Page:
For only some of the 99%


The occupy movement was supposed to be supporting the 99% – the majority they reckon weren’t the very rich.

But those in Auckland obviously don’t include the homeless among the poor they purport to want to help:

Meanwhile, several homeless people have taken issue with the Occupy protesters, for ruining what they say is their home.

Several spoken to by Radio New Zealand say they can’t stay in any of the parks around the city now.

Mount Roskill resident J. D. Simon says he has taken in 13 homeless people, many of whom are now camping on his lawn.

Oh the irony.

The faux homeless who have homes to go to have pushed out the genuine homeless people who don’t.

While on the subject of the occupation, Chris Trotter asks the questions of the day:

. . . Did anyone ever consider asking the Mayor if he and his staff could identify any wasteland in the city that could serve as a camp ground? Or if there were areas that could be turned into community gardens? Did anyone ever think of asking Aucklanders to help Occupy Auckland grow food for families who were struggling to feed their kids? . . .

Practical help, rather than aimless protest – now there’s a radical idea.

It wouldn’t have looked as exciting on TV as resisting police. But it would have made a difference and done it without inconveniencing the genuine homeless.

They came, they messed


They came, they messed but they made no difference to whatever it was they were protesting against.

Now the people camping in public places are being moved by the council with the police’s help and they’re trying to portray it as an abuse of their right to protest.

It isn’t.

They have a right to protest but that right is not unlimited.

It doesn’t trump the right of other people to enjoy public spaces unimpeded by tents and free of  waste.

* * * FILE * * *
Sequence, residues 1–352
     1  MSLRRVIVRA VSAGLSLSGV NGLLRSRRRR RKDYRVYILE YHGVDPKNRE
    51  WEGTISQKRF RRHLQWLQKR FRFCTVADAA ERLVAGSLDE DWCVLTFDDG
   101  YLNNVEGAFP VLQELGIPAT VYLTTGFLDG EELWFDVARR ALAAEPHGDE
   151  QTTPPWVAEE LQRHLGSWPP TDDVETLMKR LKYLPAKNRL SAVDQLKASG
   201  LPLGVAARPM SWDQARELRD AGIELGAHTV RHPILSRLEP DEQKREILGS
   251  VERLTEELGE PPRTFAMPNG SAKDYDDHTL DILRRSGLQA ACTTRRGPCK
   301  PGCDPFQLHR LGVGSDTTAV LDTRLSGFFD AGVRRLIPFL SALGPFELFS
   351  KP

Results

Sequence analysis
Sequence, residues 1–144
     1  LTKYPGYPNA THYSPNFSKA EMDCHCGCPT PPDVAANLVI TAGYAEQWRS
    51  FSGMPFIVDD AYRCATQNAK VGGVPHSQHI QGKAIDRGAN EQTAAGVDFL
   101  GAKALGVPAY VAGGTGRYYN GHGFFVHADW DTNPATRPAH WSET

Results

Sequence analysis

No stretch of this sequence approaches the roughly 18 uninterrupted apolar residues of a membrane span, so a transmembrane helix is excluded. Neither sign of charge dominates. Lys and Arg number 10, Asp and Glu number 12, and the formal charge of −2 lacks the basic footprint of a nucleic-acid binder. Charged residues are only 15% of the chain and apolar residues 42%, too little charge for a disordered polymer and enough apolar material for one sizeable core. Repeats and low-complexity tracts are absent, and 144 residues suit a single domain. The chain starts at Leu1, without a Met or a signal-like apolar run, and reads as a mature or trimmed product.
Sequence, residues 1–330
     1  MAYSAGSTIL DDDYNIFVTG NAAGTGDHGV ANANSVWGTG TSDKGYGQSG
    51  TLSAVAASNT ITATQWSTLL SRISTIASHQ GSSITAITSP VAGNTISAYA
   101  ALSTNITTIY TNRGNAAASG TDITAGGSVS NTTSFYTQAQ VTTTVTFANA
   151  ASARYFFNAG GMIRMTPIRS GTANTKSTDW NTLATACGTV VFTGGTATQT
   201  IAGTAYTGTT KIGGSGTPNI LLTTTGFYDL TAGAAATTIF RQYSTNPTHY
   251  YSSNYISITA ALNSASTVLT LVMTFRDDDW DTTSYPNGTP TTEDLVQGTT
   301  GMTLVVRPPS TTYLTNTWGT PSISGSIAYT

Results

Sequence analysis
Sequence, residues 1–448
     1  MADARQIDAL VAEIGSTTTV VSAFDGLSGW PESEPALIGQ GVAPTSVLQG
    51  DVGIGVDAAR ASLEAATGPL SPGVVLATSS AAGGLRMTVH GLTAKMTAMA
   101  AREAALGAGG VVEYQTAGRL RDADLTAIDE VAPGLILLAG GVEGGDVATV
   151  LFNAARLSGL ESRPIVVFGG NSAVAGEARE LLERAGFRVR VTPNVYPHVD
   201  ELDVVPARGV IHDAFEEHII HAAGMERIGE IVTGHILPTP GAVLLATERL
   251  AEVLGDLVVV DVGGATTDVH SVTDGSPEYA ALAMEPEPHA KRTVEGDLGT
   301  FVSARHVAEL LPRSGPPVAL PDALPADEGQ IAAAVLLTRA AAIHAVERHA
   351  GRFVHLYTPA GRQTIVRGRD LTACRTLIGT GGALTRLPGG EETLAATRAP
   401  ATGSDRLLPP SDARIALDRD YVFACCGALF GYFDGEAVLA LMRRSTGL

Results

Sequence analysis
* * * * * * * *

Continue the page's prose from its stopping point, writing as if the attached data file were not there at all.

Nor does it give the campers the right to protest in a way which imposes costs on ratepayers.

Evicting the protesters is not abusing their right to protest.

It’s not making a judgement on their message or their right to deliver it.

It’s merely telling them they can’t continue to protest in a way which interferes with the right of others to use a public space, causes damage and imposes costs.

Right to protest wrong to cost


The Court has granted Auckland City Council’s  application for a permanent injunction to end the occupation of Aotea Square.

Andrew Geddis explains the difference between this application and previous moves to move on the protesters:

. . . the Councils (both in Dunedin and Auckland) have done a better job of specifying exactly what their reasons are for wanting to see the Occupy encampments ended. There is less emphasis on the unsightliness or inconvenience they pose, and more on the actual physical damage to communal property and the intrusion they are having on others’ legitimate use of the public space.

Once the issue goes beyond the Councils simply seeking to enforce their rules just because they are their rules, and rather becomes Councils seeking to protect the broader common good against harm by a few (albeit well-intentioned) individuals, then you’ve got a balancing exercise that is worth the name. . .

The right to protest isn’t unlimited and in this case has come up against the principle that it’s wrong when it imposes costs on, or restricts the freedom of, other people or organisations.



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